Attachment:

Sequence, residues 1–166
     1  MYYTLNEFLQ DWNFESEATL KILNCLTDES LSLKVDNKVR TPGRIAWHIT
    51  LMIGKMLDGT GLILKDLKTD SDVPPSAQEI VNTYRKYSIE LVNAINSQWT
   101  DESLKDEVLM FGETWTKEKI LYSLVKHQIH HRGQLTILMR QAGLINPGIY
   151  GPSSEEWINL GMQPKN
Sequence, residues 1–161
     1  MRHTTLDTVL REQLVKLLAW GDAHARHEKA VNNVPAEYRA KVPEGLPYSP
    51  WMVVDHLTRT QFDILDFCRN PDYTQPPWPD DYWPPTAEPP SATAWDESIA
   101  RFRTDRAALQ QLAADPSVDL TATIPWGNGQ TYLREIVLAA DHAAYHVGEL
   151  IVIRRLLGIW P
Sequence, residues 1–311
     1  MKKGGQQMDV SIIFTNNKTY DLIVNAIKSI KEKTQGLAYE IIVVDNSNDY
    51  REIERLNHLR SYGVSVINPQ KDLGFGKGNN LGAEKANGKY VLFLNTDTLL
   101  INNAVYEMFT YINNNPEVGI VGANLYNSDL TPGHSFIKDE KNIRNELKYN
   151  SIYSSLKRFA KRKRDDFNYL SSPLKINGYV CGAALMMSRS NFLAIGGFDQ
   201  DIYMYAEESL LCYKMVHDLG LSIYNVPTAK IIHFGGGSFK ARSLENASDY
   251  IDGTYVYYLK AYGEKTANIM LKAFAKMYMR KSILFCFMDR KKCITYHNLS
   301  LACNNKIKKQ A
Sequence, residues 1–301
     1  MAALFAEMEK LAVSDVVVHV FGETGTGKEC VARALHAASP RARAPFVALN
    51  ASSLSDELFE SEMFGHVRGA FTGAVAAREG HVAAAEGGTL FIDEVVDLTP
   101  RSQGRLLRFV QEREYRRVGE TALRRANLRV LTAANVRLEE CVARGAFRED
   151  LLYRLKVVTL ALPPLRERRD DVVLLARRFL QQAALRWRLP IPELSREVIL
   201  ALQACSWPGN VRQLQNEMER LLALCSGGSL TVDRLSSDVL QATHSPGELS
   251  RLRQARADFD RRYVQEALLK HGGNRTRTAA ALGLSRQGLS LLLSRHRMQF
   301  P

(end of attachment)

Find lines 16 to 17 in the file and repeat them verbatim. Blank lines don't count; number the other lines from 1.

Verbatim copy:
   201  DIYMYAEESL LCYKMVHDLG LSIYNVPTAK IIHFGGGSFK ARSLENASDY
   251  IDGTYVYYLK AYGEKTANIM LKAFAKMYMR KSILFCFMDR KKCITYHNLS